John Williams Before Star WarsJohn Williams is nominated for yet another Oscar this year, this time for his work on “The Book Thief.” With 49 nods, the composer ranks as the second most nominated person in Academy Awards history, only behind Walt Disney’s 59. (His 44 nominations for Best Original Score are one more than Alfred Newman’s 43.)

But before “Jaws” and “Star Wars” and even before his first Oscar nomination for 1969’s “Valley of the Dolls,” John Williams—or Johnny Williams as he was known back then—wrote TV themes. Lots of them. In many, you can hear Williams’ penchant for drama and brassy bravado that would foretell his foray into film scores. In others, you hear bongos. Take a listen to some of our favorites—and not-so-favorites.

1. “Lost in Space”

For what is probably the most recognizable of Williams’ TV themes, the composer borrowed heavily from Bernard Herrmann’s 1951 work on “The Day the Earth Stood Still.” It relies more on funky brass than strings, and if you try really hard, you can almost hear a little “Star Wars” fanfare in the mix. Much of the series’ incidental music was scored by Williams as well as Alexander Courage, who wrote the theme to “Star Trek.” Creator Irwin Allen asked Williams to create a new theme for Season 3, which he did, producing a bolder, up tempo version, which we prefer. 







2. “Land of the Giants”

More “big” horns in the theme music to this series also created by Irwin Allen. In the pilot, a spaceship from Earth crashes on another Earth-like planet but with people far taller than players on the New York Knicks. Allen relied heavily on Williams to set the mood and his music runs nearly nonstop for the show’s 50-minute length.



Bonus: “The Time Tunnel,” yet another sci-fi offering from Allen that lasted only one season. You can really start to hear the similarities between all Williams’ themes here.



2. “The Tammy Grimes Show”

This show is notable for being one of the quickest to be canceled in the 1960s. The primetime sitcom, which aired on ABC-TV during the 1966-67 season, lasted only four episodes before being pulled. Williams wrote the theme music, as well as the incidental music for all the episodes but the first. Not the maestro’s best work. Stick around to the :30 second mark when the Muppet-like voices pipe in.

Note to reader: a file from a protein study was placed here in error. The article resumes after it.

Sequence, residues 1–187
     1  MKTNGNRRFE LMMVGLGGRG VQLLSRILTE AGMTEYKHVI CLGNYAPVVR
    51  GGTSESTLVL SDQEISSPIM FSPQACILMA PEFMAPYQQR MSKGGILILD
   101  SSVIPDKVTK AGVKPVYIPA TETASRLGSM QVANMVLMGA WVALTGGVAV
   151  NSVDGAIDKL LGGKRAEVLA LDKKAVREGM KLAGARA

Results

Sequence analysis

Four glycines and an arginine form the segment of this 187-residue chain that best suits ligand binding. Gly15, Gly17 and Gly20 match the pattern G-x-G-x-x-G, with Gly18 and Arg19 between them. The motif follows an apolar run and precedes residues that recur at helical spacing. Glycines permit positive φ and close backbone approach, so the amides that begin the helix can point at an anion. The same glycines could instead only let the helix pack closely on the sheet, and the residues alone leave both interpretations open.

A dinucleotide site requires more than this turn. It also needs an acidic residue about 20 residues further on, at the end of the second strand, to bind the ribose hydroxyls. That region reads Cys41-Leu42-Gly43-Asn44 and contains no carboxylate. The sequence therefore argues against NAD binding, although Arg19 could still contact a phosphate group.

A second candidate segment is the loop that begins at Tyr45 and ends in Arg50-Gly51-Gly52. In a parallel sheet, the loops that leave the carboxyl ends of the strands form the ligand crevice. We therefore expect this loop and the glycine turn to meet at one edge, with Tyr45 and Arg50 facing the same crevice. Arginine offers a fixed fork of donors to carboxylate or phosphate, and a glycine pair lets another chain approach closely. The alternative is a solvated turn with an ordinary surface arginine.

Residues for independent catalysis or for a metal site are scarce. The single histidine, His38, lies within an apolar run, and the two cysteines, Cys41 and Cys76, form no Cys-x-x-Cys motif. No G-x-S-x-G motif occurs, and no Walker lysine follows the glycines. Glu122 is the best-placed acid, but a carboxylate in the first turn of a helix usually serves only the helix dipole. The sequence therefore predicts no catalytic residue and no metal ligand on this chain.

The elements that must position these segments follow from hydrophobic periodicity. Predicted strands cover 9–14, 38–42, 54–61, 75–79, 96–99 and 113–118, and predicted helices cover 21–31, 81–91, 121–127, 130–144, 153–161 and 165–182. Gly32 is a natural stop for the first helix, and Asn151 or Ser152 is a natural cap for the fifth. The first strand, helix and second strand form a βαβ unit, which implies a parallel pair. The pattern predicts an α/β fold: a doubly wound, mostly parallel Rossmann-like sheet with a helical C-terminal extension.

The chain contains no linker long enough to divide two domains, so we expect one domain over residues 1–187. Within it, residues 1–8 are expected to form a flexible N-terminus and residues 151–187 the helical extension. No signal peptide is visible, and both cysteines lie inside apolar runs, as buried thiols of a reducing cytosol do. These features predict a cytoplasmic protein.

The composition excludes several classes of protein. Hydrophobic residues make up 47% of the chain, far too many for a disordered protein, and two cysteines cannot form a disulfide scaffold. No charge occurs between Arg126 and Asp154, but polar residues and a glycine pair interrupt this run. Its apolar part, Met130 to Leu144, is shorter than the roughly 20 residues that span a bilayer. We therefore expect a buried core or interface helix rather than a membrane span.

Bonus: Take a listen to Williams’ incidental music, which he wrote during the 1959-60 season for “Bachelor Father,” starring John Forsythe in the title role. Williams can sling “playful comedy,” too!



3. “Kraft Suspense Theater”

Holy drama! This one must have scared quite a few children who were up past their bedtimes to catch this show, which ran weekly at 10 p.m. on NBC from 1963-65.



4. “Amazing Stories”

We throw in this short-lived 1980s fantasy/sci-fi/horror anthology created by Steven Spielberg to demonstrate how Williams’ sound evolved from his earlier work, but remained quite similar. It’s got the same brassy drama, a few punctuating kettle drums, and a dose of swelling strings. The music still stirs, but like everything else created in the ‘80s, it lacks the interesting edge of the 1960s themes.



5. “Gilligan’s Island”

Yes, Gilligan’s Island. This one’s a must-listen, not only for its awful lyrics (the famous “three-hour tour” was originally six? Wha?), but for how completely different it is from the Sherwood Schwartz version that replaced it. Johnny Williams was obviously instructed to create for the pilot “something that sounds like Harry Belafonte.” This doesn’t. Like the ill-fated “S.S. Minnow,” it’s a wreck.